“There Is No One Relationship Form That Suits Everybody”

She had me at “polyf*ckery”. Dr Linda Kirkman was speaking in one of the talks I had attended in May, at SPARK Fest, Asia’s first sexual wellness festival. The sexologist based in Australia, who teaches, researches, facilitates workshops and runs a sex therapy practice, spoke about the various concepts and types of relationships and sexuality beyond monogamy and heterosexuality. She was tossing out terms like polyamory, social script, relationship anarchy and monogamish, to name a few, which blew my mind wide open — and I’m a pretty open-minded girl. So, what do these terms really mean, and how can one know what is for them or which type of relationship they’re currently in? Here’s Dr Linda Kirkman, in her own words:

“I study and teach sexuality, sexual health and relationships because I want to make sense of them. Human sexuality and relationships are central to everyone yet taboo, poorly taught and not well explained. They are a deep and mysterious undercurrent to human


society that people have to navigate as best they can. Understanding the diversity of sexuality, sexual identity and sexual expression, and learning good relationship and communication skills will help us all be happier and healthier in all aspects of our interactions with others. That includes intimate relationships with family, friends, in workplaces and the daily exchanges we have. Yes, there is a difference between an interaction with our lover and one with the shop assistant, however, even in overtly non-sexual interactions assessments can be made about our sex and

gender, sexuality, relative power, relationship status — things not relevant to the exchange that are happening.

Those assessments come with judgements, value judgements that have the potential to be harmful. As long as sex and sexuality are taboo and poorly understood in the wider world, people are going to have limited awareness of the diversity that is out there; people who are not considered mainstream will be marginalised or will marginalise themselves. There is no ‘them’, there is only ‘us’. Having a limited understanding of ‘sex’ and the bigger picture of gender, sexuality and relationship diversity perpetuates a divide.

Exploring sex and sexuality is a bit like studying marine biology — there is so much under the water we don’t know about, and it is fascinating and mysterious. I have learned a lot and want to make the world a better place by sharing what I know.”




Human sexuality and relationships are central to everyone yet taboo, poorly taught and not well explained.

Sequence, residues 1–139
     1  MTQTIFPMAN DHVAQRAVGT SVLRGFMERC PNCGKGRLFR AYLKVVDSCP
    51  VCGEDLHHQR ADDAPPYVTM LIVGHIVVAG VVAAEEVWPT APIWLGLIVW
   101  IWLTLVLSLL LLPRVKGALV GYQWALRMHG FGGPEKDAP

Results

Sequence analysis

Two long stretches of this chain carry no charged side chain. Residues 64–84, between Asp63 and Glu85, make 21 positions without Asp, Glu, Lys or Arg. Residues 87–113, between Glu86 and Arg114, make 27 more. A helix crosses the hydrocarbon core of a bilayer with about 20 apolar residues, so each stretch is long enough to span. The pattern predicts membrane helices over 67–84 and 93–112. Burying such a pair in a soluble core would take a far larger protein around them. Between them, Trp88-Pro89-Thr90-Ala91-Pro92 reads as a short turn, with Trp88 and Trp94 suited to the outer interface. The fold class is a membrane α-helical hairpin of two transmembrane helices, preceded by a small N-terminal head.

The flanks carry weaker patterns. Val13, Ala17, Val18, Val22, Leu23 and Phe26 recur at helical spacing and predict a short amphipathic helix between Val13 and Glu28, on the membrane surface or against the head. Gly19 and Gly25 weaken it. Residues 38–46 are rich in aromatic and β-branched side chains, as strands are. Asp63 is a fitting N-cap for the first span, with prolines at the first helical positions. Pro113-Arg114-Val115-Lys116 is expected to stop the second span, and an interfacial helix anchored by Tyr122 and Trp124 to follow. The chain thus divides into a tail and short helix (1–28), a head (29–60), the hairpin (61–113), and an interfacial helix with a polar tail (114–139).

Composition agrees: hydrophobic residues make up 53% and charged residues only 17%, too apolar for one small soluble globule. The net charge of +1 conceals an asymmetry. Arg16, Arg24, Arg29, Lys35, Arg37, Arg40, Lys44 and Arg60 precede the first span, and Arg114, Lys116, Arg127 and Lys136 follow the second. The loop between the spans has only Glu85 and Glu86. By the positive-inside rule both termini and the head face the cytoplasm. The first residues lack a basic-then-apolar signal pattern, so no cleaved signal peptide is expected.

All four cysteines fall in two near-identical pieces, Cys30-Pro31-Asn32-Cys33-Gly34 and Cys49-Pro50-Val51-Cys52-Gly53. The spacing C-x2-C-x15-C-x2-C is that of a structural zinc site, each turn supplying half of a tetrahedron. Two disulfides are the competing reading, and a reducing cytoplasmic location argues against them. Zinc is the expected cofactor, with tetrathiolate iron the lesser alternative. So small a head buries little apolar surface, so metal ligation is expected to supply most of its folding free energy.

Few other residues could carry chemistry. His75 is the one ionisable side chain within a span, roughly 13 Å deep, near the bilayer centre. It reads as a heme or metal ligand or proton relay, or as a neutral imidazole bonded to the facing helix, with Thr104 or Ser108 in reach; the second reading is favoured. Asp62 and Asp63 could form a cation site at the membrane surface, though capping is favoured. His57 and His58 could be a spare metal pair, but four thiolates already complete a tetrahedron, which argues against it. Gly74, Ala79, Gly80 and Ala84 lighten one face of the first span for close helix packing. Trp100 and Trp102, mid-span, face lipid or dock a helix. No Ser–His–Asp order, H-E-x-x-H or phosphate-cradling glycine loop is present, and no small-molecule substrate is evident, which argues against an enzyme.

“There is no one relationship form that suits everybody, and all of the following relationship descriptions can apply to people of any gender or sexuality. Many people default to ‘heterosexual’ (attracted to the ‘opposite’ sex, assuming a binary) and ‘monogamy’ (having only one partner). This default is often the result of a ‘social script’, or expected custom, that assumes people’s relationships will all look alike and follow an expected path.”


“Social scripts are often faith-based and reinforced by family expectations. A heterosexual, monogamous social script might progress from casual dating to serious commitment, followed by marriage and children, expecting that there will only be one partner for life and you will grow old together. This is sometimes referred to as the relationship escalator. For some people, this works well, while others try it and are not happy, which may result in unfaithfulness and/or a break-up. Some people seek relationships that are very different from this social script.”


“Being ‘monogamish’ is being in a relationship in which the parties involved look and mostly behave like a couple, but they may have other sexual partners, usually on a casual basis. How each couple manages this will depend on their agreements. It may be a ‘don’t ask don’t tell’ situation where external sexual partners are permitted but not discussed, or it may be openly shared and acknowledged.”


“‘Polyamory’, which means having many loves, is where people have a number of committed partners at any one time. How many partners and how the connections are configured is up to the individuals and their agreements. Sometimes one person in a polyamorous setup will only have one partner, while that partner might have two or more partners. Being ‘solo poly’ is a more fluid concept where a person is autonomous, might have partners, or is single yet philosophically polyamorous.”


“‘Polyamory’, is not the same as ‘polyfu*kery’— having several casual sex partners without commitment. Commitment and negotiation are key elements of polyamory. Do not confuse polyamory, which can take many forms and is usually secular, with polygamy, which often has a religious basis and means one man with more than one wife.

The relationship types listed above have recognised types of relationship structures, even though there is variation and fluidity.”


“‘Relationship anarchy’ is different in that there is no predetermined structure or coercive power dynamics, and the relationship is decided by the people in it according to what they want, considering consent and boundaries. This usually means there is no formal hierarchy in the relationship. This is similar to ‘polyfidelity’, which is an equal relationship structure between all members and people do not have sex outside the group.”


“It can be confusing to work out, and you are bound to make some mistakes. A useful guide is Make Your Own Relationship User Guide by Dr Meg-John Barker and Justin Hancock. In it is a step-by-step guide for you to consider who you are, what your values and wants are regarding relationships, and to assist in deciding what matters to you. It is useful for you as an individual and can be helpful for exploring common values and aims with partners.”

Thanks, Dr Linda!